Social stories were created by Carol Gray in 1991. They are short descriptions of a particular situation, event or activity, which include specific information about what to expect in that situation and why.
The terms 'social story' and 'social stories' are trademarks originated and owned by Carol Gray.
Social stories present information in a literal, 'concrete' way, which may improve a person's understanding of a previously difficult or ambiguous situation or activity. The presentation and content can be adapted to meet different people's needs.
They can help with sequencing (what comes next in a series of activities) and 'executive functioning' (planning and organising).
By providing information about what might happen in a particular situation, and some guidelines for behaviour, you can increase structure in a person's life and thereby reduce anxiety.
Social stories can be used to:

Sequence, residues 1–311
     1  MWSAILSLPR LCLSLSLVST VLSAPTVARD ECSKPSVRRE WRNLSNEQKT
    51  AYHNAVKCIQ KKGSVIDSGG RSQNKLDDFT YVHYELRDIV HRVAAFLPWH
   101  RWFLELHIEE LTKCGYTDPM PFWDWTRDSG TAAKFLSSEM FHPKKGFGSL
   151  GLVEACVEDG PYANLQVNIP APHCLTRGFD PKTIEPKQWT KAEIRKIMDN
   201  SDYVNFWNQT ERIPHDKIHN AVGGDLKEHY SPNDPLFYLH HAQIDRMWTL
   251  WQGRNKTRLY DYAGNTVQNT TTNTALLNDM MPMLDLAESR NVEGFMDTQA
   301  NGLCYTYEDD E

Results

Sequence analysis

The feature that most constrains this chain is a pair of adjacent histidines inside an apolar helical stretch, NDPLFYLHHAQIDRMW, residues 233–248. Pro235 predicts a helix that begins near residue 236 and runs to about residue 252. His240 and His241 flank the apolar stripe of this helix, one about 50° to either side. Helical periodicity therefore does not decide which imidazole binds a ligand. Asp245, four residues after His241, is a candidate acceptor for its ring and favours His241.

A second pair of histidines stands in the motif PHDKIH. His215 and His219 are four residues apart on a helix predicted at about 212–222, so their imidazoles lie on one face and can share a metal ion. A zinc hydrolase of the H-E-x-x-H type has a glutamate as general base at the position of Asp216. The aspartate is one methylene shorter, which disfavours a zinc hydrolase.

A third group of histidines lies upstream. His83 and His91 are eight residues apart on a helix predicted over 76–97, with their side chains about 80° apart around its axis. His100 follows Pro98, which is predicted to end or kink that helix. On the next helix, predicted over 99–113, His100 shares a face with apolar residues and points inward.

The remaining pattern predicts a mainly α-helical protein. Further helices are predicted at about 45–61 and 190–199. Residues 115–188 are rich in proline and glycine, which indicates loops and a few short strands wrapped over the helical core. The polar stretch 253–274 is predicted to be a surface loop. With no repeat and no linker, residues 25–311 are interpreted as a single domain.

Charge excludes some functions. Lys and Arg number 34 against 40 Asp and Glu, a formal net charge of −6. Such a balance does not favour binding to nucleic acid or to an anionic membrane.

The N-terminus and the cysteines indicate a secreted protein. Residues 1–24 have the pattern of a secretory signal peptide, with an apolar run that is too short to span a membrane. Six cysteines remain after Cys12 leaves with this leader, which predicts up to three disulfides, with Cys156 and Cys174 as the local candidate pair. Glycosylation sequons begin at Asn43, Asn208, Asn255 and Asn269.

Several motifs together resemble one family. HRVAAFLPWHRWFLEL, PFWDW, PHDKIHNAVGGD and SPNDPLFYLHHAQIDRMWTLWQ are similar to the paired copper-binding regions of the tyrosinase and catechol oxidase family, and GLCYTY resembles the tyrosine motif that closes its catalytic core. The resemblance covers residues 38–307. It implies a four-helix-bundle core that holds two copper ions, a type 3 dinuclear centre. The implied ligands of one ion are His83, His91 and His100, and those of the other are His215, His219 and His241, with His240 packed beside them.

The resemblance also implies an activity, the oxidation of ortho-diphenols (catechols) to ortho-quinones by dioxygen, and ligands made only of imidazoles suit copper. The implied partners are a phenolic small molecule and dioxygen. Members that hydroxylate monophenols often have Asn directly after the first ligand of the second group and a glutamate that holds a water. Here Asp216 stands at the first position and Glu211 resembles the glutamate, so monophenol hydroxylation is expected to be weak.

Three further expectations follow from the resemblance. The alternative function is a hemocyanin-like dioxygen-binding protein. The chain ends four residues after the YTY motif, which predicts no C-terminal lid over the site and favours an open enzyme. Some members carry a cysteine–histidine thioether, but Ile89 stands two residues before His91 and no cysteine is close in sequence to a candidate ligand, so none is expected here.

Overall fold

- develop self-care skills (eg how to clean teeth, wash hands or get dressed), social skills (eg sharing, asking for help, saying thank you, interrupting) and academic abilities
- help someone to understand how others might behave or respond in a particular situation
- help a person to cope with changes to routine and unexpected or distressing events (eg absence of teacher, moving house, death of a family member)
- as a behavioural strategy (eg what to do when angry, how to cope with obsessions).
If you would like a social story made for a specific event or situation do let your child’s class teacher know or contact the Inclusion Team.
If you click on the link above you will find a really useful set of social stories to share with children, covering topics ranging from coping with a new baby in the family, to getting a haircut, to making friends. The National Autistic Society website also provides guidance on writing your own personalised social stories
Please see below for examples of personalised story books that we have made to support individual pupils in different situations. You can edit as you wish.